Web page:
What’s Next?

In the S&P 500, there was a 2%+ relief rally on Wednesday and another 1.21% on Thursday stemming from the comments made by Chairman Powell which gave the impression to some that he was less hawkish on further rate hikes. His comment that Fed Funds at 2.5% was neutral policy apparently lit the flame. In the past, neutral monetary policy was achieved when the inflation rate equaled the Fed Funds rate. Irrespective of what inflation measure one chooses today, the central bank is still significantly below the rate of inflation. Therefore, the rally in stocks is curious. The move from the lows is part a retracement of an overreaction to bad inflation news/how far the Fed would go to address it and part a belief the central bank will stop raising rates soon, beginning a reversal sometime in 2023.

Here are a few of the Tweets I saw on Wednesday from experts I respect.


Confused? Let’s add more layers to it. Chairman Powell, at a post meeting press conference on the 23rd of June, said the central bank is, “…highly attentive to the risks high inflation poses to both sides of our mandate, and we are strongly committed to returning inflation to our 2 percent objective.” This language would lead one to believe the Fed was going to continue to be aggressive going forward and in opposition to Powell’s comments of 2.5% being neutral.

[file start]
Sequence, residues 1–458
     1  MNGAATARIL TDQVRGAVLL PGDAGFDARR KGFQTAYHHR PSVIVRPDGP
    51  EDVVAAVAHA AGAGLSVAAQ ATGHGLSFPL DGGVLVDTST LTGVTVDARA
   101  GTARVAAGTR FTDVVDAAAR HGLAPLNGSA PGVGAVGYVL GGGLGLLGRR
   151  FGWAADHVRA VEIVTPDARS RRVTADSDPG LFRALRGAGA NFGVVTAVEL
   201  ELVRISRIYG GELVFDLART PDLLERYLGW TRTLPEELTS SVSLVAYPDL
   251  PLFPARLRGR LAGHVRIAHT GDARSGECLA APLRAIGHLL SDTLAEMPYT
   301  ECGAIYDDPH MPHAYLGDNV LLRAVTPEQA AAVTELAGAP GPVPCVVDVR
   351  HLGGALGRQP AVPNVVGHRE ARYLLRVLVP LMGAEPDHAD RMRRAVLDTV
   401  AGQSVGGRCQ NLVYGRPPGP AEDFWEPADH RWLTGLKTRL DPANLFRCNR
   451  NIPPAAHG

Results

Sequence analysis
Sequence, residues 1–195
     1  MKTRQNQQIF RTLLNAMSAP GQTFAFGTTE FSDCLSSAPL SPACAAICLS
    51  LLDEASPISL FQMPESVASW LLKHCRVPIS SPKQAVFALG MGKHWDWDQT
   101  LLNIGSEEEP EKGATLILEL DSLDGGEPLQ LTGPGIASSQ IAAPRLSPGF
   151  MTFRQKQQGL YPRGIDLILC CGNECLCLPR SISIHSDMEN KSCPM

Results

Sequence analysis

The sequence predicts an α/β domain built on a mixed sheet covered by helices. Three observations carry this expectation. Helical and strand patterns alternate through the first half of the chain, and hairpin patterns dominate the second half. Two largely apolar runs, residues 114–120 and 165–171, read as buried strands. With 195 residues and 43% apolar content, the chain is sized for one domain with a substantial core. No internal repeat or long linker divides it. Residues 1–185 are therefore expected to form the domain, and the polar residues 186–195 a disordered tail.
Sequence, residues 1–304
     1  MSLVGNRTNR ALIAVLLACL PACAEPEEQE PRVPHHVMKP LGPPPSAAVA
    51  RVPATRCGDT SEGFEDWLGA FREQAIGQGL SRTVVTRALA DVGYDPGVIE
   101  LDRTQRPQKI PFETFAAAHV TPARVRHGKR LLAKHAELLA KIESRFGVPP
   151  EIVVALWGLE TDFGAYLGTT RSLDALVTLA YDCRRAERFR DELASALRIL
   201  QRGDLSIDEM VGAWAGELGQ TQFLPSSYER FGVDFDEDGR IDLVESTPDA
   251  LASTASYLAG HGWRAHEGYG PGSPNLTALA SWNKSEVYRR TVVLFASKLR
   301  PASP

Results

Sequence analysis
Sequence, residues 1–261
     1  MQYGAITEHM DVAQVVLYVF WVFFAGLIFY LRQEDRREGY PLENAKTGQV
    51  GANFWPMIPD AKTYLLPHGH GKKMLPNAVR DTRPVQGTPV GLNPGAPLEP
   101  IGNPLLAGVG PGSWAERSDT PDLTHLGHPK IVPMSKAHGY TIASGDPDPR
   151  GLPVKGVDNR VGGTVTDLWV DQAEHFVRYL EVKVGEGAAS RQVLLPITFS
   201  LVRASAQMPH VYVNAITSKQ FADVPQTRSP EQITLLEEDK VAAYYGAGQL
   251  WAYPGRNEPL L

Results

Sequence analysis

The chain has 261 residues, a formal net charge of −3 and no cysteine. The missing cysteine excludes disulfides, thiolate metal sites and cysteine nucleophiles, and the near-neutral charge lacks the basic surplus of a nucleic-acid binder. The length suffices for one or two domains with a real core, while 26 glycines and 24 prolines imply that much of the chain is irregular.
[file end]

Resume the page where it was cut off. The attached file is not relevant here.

He also said, “We will continue to make our decisions meeting by meeting and communicate our thinking as clearly as possible.” This last statement is key and highlights the mixed nature of the FOMC statement and Powell’s subsequent press conference comments.

This simply means the Fed is keenly focused on bringing down inflation, but they have no ability to see further than the next meeting.

Stating this as clearly as possible, the central bank could raise rates by 75 basis points, 50 basis points, or 25 basis points, or sit on their hands at the next meeting depending on what inflation is doing intermeeting.